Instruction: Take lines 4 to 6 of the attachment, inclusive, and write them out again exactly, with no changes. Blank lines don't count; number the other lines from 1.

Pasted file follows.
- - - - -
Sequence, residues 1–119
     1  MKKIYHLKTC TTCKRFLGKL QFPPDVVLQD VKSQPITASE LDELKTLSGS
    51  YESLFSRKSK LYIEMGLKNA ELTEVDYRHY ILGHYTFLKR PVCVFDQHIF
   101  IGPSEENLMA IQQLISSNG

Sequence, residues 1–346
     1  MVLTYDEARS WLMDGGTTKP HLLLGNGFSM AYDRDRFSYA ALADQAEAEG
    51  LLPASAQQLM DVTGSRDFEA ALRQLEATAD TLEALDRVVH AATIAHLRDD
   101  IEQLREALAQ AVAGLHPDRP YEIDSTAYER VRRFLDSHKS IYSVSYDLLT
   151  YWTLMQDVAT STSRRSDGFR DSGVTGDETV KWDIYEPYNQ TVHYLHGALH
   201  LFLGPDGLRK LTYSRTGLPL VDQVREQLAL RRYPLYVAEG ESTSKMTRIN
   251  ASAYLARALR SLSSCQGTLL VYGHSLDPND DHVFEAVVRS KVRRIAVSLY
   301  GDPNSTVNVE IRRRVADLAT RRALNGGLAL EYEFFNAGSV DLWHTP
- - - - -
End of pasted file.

   101  IGPSEENLMA IQQLISSNG

Sequence, residues 1–346
     1  MVLTYDEARS WLMDGGTTKP HLLLGNGFSM AYDRDRFSYA ALADQAEAEG